Anthony Enns, Shelley Trower (eds.): Vibratory Modernism (2013)

7 October 2013, dusan

Vibratory Modernism is a collection of original essays that will enable scholars and students to explore how vibrations provided a means of bridging science and art – two fields that became increasingly separate over the course of the nineteenth and early twentieth centuries. The book demonstrates the vital role played by vibrations in the fields of physics, physiology, spiritualism, and by new vibratory technologies, in helping to shape the way modernist art was made and viewed. The chapters are placed into three connecting parts focusing on literature, the visual arts and theatre, each part highlighting the diverse ways in which writers, artists and performers engaged with the fascinating world of vibrations.”

Publisher Palgrave Macmillan
ISBN 1137027258, 9781137027252
288 pages



Blast: Review of the Great English Vortex, 1-2 (1914-1915)

21 May 2011, dusan

Issue 1, 20 June 1914

Issue 2, July 1915

Blast was a modernist magazine founded by Wyndham Lewis with the assistance of Ezra Pound. It ran for just two issues, published in 1914 and 1915. The First World War killed it—along with some of its key contributors. Blast’s purpose was to promote a new movement in literature and visual art, christened “Vorticism” by Pound and Lewis. Unlike its immediate predecessors and rivals, Vorticism was English, rather than French or Italian, but its dogmas emerged from Imagism in literature and Cubism plus Futurism in the visual arts. The first issue of Blast includes artwork by Lewis, Gaudier-Brzeska, and others, along with a manifesto for Vorticism and lists of blasts, blesses, and curses of a whole range of people, concepts, and movements. It also includes a play by Lewis and fiction by Ford Madox Hueffer and Rebecca West. The second issue includes a notice of Gaudier-Brzeska’s death in France. Despite its short life, Blast was a powerful influence in the shaping and promoting of modernism.” (Source)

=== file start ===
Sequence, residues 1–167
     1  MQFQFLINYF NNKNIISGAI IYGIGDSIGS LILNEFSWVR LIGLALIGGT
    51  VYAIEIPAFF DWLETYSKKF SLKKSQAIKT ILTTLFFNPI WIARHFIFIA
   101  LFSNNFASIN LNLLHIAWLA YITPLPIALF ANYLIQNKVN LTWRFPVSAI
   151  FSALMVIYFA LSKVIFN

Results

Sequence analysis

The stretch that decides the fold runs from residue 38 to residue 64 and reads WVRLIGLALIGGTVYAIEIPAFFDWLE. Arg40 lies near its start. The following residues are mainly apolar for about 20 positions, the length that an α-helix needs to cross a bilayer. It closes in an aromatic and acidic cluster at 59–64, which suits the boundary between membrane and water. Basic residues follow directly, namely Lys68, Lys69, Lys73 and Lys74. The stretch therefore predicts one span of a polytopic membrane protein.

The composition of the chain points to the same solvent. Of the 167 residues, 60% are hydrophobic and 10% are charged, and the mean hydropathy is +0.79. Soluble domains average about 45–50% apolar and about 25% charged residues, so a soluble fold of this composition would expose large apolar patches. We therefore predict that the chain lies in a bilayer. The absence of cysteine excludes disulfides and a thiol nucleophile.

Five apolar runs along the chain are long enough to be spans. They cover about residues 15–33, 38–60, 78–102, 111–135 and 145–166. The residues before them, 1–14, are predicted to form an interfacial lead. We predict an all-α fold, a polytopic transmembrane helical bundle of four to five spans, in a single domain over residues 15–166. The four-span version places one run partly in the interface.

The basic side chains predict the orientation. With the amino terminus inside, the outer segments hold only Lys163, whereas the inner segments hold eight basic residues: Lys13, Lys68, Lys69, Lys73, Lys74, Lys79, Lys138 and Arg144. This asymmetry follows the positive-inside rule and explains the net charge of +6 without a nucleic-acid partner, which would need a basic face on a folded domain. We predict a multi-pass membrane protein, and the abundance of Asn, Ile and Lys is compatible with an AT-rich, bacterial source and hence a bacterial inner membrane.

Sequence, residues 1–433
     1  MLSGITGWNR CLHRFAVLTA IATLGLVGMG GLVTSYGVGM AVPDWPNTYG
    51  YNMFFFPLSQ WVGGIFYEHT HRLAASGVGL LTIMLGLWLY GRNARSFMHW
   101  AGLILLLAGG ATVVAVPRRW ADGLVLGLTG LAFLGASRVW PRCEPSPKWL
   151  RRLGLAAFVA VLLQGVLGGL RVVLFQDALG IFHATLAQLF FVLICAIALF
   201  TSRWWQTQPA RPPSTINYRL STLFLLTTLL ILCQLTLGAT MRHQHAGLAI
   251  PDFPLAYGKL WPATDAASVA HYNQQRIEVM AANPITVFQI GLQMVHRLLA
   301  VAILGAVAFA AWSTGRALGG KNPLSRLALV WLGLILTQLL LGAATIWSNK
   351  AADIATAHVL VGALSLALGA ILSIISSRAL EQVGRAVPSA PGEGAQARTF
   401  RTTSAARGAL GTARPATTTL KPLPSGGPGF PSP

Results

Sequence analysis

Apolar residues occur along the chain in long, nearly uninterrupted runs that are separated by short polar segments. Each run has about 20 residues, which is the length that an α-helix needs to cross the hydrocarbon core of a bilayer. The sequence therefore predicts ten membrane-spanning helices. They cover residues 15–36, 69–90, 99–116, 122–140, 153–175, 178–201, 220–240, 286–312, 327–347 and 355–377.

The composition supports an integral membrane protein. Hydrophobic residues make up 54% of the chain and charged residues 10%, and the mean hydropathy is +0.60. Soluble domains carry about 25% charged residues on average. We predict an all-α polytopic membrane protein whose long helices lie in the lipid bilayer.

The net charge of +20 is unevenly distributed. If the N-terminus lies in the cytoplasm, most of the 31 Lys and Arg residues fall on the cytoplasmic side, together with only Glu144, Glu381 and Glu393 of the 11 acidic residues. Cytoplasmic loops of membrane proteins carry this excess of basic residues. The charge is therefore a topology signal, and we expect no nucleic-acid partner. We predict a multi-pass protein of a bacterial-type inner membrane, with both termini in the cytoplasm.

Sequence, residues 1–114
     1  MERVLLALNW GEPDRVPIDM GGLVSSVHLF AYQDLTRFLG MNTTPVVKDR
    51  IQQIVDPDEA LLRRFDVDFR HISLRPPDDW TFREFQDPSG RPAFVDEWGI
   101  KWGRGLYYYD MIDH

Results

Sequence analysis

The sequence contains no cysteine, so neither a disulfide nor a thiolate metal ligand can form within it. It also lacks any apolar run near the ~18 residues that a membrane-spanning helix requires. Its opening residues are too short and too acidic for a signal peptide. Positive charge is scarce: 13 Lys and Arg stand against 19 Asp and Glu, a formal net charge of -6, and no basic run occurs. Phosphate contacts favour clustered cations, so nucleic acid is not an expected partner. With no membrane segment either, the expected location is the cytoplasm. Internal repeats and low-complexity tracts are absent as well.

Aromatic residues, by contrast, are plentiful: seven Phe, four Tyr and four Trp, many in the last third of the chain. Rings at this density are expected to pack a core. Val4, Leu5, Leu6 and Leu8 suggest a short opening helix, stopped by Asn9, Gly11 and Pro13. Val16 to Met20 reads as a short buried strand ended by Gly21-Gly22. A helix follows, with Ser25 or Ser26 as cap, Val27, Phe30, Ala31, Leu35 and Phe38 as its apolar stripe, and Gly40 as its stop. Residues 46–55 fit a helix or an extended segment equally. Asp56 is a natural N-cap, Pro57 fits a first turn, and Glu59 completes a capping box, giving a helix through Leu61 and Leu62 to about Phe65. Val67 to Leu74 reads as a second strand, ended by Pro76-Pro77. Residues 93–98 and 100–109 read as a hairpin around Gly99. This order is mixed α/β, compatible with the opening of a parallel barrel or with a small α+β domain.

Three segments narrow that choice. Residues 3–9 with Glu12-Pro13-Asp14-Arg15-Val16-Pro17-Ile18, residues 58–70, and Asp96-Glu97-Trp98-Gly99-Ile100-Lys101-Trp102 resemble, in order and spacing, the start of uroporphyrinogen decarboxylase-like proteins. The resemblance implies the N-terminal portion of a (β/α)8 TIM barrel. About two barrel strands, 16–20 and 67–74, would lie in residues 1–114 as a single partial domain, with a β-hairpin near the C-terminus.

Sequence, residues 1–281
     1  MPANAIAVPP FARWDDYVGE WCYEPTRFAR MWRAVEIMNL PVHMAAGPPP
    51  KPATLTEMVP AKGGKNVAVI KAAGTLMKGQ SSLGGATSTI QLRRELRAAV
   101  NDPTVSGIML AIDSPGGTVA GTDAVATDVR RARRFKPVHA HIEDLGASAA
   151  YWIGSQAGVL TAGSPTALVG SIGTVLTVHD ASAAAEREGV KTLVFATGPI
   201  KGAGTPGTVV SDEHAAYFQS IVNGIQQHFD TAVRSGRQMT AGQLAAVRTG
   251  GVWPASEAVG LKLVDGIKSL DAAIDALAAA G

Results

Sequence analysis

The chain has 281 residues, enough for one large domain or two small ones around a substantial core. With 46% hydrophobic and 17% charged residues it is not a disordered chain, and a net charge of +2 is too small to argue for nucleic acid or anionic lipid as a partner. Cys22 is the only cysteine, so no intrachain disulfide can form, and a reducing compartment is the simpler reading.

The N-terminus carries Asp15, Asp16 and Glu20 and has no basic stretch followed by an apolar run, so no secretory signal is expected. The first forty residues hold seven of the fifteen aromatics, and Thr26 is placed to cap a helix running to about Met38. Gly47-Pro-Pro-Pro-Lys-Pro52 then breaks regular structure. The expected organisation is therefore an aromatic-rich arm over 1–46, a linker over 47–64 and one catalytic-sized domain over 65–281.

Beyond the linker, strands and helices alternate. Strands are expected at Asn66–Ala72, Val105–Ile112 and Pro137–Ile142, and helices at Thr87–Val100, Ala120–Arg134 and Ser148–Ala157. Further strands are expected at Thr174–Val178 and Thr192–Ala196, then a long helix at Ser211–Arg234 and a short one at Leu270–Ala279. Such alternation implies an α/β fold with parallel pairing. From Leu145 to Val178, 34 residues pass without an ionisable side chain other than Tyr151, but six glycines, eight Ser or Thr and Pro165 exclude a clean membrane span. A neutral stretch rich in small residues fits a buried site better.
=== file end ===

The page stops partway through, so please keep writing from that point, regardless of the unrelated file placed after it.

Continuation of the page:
Edited by Wyndham Lewis
Publisher John Lane, the Bodley Head, London
via Modernist Journals Project

Issue 1
Issue 2